4. PESTLE Analysis

Another way to analyze your business or potential business idea, is to run a PESTLE analysis. This analysis focuses on the factors that affect your business in each of the following categories:

  1. Political
  2. Economic
  3. Social
  4. Technical
  5. Legal 
  6. Environmental

Using this tool allows you to develop a stronger business strategy as its goal is to prioritize current and future impact on your business.

A variation to the PESTLE analysis is the STEEPLE analysis which focuses on socio-cultural, technological, economic, environmental, political, legal and ethical. No matter which one you choose, you will have a stronger idea of where you stand and what threats may come your way.

 

5. Why Analysis

The “why” analysis helps you identify the core problems that lay below the surface level problems you are facing. In order to apply this analysis, make a list of all the problems you currently have. From there, take each problem and ask yourself a question about that problem up to five times. Here’s an example:

Problem: Slowing sales. 

  • Why are sales slowing? Due to lack of quality staff. 
  • Why is the quality of sales staff lacking? Due to inadequate training.
  • Why is the training inadequate? The sales manager is overworked.
  • Why is the sales manager overworked? There are too many outstanding customer issues.
  • Why are there too many issues outstanding? There is no after-sales process.

Running through this exercise will allow you to get to the root of each problem and make strong, strategic decisions that will positively impact your business.

 

6. Strategy Canvas

The strategy canvas is focused on customer value and identifies and rates the main factors in your products/services that offer value to your customers. 

Make a list of all of the factors (ie. pricing, quality, ease of use etc) that pertain to your product or service and then rate each one from 1 to 10. Then, you will do the same for your competitors to see how they rank in comparison. This will give you a clear picture of where your product or service sits in relation to your competitors while also identifying which factors you need to improve on to remain competitive in the marketplace.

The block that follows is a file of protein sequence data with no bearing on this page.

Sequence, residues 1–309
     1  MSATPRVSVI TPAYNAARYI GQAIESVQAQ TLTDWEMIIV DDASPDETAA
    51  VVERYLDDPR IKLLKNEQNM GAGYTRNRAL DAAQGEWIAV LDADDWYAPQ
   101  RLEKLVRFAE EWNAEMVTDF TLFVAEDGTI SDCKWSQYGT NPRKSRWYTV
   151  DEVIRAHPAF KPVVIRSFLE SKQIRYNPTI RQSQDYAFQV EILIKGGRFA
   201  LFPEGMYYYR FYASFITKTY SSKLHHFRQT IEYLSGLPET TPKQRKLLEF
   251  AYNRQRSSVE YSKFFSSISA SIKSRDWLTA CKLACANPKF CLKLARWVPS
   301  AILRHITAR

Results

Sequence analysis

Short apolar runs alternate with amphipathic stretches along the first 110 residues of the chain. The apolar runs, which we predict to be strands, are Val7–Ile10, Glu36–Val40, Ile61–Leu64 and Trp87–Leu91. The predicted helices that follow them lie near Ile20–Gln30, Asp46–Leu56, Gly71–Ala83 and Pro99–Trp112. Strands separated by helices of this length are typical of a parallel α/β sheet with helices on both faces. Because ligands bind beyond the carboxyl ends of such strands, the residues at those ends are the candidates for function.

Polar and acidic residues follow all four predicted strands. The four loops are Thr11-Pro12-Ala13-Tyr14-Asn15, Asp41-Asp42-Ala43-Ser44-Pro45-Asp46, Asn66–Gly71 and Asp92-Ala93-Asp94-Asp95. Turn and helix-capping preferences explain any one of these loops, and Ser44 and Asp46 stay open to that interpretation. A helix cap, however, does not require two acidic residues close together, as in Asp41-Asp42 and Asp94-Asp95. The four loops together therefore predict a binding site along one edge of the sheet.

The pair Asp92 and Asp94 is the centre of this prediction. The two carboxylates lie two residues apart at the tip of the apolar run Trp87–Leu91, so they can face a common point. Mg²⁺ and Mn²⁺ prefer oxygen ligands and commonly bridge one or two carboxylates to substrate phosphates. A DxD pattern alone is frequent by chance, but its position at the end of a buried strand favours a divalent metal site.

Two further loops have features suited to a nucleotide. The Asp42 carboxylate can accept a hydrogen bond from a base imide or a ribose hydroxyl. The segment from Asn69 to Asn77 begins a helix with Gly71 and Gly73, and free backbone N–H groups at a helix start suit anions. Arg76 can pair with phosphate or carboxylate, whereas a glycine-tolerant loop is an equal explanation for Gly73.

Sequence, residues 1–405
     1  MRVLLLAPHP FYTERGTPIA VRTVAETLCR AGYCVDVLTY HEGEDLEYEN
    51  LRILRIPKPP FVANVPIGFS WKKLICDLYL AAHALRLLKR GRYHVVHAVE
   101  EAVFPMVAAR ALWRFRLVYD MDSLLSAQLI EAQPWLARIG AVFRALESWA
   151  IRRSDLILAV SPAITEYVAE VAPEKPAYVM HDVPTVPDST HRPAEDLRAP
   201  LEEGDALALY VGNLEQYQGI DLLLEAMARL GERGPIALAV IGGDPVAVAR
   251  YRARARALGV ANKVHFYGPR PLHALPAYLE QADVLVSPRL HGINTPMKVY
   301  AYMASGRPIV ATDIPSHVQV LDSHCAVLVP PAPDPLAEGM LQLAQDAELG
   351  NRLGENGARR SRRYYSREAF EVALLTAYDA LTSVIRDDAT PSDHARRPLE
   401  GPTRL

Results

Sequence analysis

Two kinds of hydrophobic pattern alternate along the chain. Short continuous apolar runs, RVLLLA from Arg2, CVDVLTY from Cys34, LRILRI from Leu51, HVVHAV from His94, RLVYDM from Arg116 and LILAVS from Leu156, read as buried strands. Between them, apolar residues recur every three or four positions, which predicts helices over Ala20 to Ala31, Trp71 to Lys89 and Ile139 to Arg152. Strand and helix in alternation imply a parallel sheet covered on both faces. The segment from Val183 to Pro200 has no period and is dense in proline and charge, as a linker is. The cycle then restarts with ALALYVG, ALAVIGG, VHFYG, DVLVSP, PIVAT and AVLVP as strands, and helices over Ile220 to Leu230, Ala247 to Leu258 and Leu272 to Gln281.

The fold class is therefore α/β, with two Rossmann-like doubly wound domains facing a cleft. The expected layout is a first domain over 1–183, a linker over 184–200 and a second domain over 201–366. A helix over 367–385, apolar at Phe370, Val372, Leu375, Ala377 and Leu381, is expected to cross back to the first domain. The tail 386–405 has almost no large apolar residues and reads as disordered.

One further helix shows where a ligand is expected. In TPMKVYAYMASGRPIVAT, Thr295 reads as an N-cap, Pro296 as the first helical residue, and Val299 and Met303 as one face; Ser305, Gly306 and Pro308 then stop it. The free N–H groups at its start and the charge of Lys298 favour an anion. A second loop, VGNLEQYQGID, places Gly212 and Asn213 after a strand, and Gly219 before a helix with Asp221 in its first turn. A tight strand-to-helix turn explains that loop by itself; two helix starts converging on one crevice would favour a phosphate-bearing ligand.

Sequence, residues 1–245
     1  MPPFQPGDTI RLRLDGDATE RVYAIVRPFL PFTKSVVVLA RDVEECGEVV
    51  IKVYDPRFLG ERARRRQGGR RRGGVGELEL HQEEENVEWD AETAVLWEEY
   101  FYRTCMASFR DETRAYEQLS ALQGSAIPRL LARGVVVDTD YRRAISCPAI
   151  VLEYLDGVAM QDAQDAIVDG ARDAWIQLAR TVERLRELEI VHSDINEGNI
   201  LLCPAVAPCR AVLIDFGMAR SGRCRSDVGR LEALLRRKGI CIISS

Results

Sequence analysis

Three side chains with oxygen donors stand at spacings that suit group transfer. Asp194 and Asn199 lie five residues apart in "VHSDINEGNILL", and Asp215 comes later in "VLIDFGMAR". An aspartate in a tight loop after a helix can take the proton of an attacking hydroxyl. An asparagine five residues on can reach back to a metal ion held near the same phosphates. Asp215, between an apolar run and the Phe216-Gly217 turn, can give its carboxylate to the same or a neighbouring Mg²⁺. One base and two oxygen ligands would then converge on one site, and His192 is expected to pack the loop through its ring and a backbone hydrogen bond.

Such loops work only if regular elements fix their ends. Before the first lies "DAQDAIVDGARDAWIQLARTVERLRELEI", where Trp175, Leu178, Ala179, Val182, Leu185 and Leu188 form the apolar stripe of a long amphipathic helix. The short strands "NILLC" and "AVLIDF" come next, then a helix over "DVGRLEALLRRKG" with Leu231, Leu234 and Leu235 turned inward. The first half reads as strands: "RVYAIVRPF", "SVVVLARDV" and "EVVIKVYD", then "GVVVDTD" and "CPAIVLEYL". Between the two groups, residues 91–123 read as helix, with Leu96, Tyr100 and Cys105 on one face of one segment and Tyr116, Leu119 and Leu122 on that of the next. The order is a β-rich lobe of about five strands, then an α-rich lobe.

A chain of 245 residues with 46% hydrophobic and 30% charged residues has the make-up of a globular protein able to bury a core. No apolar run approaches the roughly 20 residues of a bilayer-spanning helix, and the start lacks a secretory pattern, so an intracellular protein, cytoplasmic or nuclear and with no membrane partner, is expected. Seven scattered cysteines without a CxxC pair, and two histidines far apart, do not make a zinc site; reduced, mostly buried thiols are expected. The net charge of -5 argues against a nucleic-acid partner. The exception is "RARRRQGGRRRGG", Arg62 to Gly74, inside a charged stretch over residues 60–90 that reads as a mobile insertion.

7. The Balanced Scorecard

The balanced scorecard tool is a set of measures that give business owners a quick and comprehensive view of the business through four basic perspectives, according to Harvard Business Review. The four perspectives are:

  1. Customer: How do customers see us? Four main customer concerns:
    1. Time
    2. Quality
    3. Performance & Service
    4. Cost
  2. Internal Business: What must we excel at?
  3. Innovation and Learning: Can we continue to improve and create value?
  4. Financial: How do we look to shareholders?

 

These seven strategy tools are helpful when it comes to outlining what you are doing well, what you need to work on, things you should look out for and things you need to stop doing. When you are in a strategic growth phase, take a few of these tools and do an analysis of where you stand today compared to where you would like to be three months from now, six months from now, a year from now and even five years from now.